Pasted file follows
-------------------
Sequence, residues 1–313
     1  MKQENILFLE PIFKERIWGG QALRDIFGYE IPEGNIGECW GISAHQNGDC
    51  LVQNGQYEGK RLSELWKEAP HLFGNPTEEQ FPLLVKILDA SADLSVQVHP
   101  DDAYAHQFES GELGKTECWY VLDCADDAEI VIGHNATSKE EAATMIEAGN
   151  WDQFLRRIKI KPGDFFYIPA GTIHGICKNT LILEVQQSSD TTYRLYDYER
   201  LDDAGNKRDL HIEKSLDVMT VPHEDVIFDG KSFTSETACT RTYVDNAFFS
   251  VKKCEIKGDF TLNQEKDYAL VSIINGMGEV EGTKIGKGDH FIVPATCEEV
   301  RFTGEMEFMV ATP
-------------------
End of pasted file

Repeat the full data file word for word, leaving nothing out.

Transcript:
Sequence, residues 1–313
     1  MKQENILFLE PIFKERIWGG QALRDIFGYE IPEGNIGECW GISAHQNGDC
    51  LVQNGQYEGK RLSELWKEAP HLFGNPTEEQ FPLLVKILDA SADLSVQVHP
   101  DDAYAHQFES GELGKTECWY VLDCADDAEI VIGHNATSKE EAATMIEAGN
   151  WDQFLRRIKI KPGDFFYIPA GTIHGICKNT LILEVQQSSD TTYRLYDYER
   201  LDDAGNKRDL HIEKSLDVMT VPHEDVIFDG KSFTSETACT RTYVDNAFFS
   251  VKKCEIKGDF TLNQEKDYAL VSIINGMGEV EGTKIGKGDH FIVPATCEEV
   301  RFTGEMEFMV ATP